This is a written confession, a mia culpa.
I give myself writing projects because I want to hold myself accountable. Wednesday Noon is one example of the accountability effort. This assures that I will write something every week. Like any other skill, writing improves with practice and exercise. The singer, painter, sculptor, and dancer improve by putting in the work. So does the writer.
Most weeks, writing this piece is not work at all. It is a pleasure. It is cathartic. I find myself tapping away in happy anticipation of the next word. I am pursuing a story or providing insight. My fingers are a blur, trying to keep up with the stream of thoughts, ideas, and emotions flowing out of me like blood from the nose of a bleeder.
Yes, I am an emotional writer. The more strongly I feel about a subject, the more deeply I feel its impact in my bones, the better I write.
Or, so I think.
Confession of an unprepared preacher
Years ago, when I was a pastor, it was that way with preaching, too.
I never understood the preachers who struggled to find something to preach. I saw them buying sermon books so they could preach the sermons other preachers wrote. I thought of them as thrift store preachers. They were always looking for hand-me-downs. They were parrots. They were mimics. Mimes. I wondered why God would call a person to ministry who had nothing to say. Surely, God would give them something, a word. He did that with the prophets, didn’t He? He gave Moses, Jeremiah, and Paul messages.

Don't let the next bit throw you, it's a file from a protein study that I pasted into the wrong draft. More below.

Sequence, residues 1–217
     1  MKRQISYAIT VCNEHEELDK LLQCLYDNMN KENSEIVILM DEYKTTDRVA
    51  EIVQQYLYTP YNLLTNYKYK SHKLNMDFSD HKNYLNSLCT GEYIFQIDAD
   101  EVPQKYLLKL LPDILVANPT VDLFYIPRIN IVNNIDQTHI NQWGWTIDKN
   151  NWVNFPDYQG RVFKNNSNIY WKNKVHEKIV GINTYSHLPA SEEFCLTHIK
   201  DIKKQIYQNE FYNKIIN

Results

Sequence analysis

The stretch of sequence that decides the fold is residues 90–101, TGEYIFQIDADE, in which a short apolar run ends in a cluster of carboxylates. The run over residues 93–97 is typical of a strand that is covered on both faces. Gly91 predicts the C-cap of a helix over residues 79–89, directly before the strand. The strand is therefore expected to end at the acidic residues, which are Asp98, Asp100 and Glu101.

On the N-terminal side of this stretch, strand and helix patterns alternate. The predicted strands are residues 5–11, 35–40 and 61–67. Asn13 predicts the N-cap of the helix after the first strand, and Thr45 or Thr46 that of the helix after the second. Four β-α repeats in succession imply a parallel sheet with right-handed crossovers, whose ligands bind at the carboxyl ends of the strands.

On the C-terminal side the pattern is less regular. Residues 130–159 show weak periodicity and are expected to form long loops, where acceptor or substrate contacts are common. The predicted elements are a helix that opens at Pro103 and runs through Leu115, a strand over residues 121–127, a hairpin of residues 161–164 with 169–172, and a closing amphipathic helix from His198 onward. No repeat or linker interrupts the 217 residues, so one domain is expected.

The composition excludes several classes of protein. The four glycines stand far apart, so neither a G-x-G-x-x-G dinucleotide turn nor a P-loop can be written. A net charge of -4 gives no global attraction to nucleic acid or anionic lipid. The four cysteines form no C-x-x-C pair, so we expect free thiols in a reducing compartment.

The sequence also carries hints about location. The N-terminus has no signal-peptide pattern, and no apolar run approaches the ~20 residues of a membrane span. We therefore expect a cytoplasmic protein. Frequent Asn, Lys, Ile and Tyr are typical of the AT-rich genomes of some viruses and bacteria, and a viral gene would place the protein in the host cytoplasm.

More than 1,900 times in the Bible messengers declared that they had a message directly from God. They used phrases like, “Thus says the Lord.”
Ehud the assassin proclaimed to Eglon, the fat king of Moab, “I have a message for you from God.” Then he stabbed the old toad with a dagger. Ehud then led the Israelites in a victorious military campaign against the Moabites.
If Ehud were like some preachers I have known, he would not have known how to get a message from God.
When I was a 19-year-old preacher, a pastor asked me after I preached for him on a Sunday night where I got my sermon. I told him I wrote it. He did not call me a liar but he seemed suspicious.
This was the same pastor who later told me, “When they write better sermons, I will preach better sermons.”
And I thought to myself, “No. You won’t.”
Then, one Sunday morning, after a hard week of inner turmoil, putting out little fires lit by flaming tongues of gossip, visiting with a dying friend, and attending to other more mundane things, I found myself sitting in my study at 6:30 AM on a Sunday morning with nothing to say. In a couple of hours, other church leaders would arrive and my busiest day of the week would commence. At 10 AM, worship would be underway. Hundreds of people would fill the pews in anticipation of a word from God…from me.
Typically, I had my Sunday morning sermon written no later than Tuesday and would use a part of each day thereafter studying it, refining it, and preparing it for delivery. On this particular Sunday, however, I sat there with a blank page, a blank mind, and an overwhelming sense of failure and guilt. Reluctantly, I pulled a book of sermons from my library and opened it. God was dealing with my pride, I think. He does that quite often, as it is my besetting sin. Here I was, about to act like the “When They Write Better Sermons, I will Preach Better Sermons” Preacher.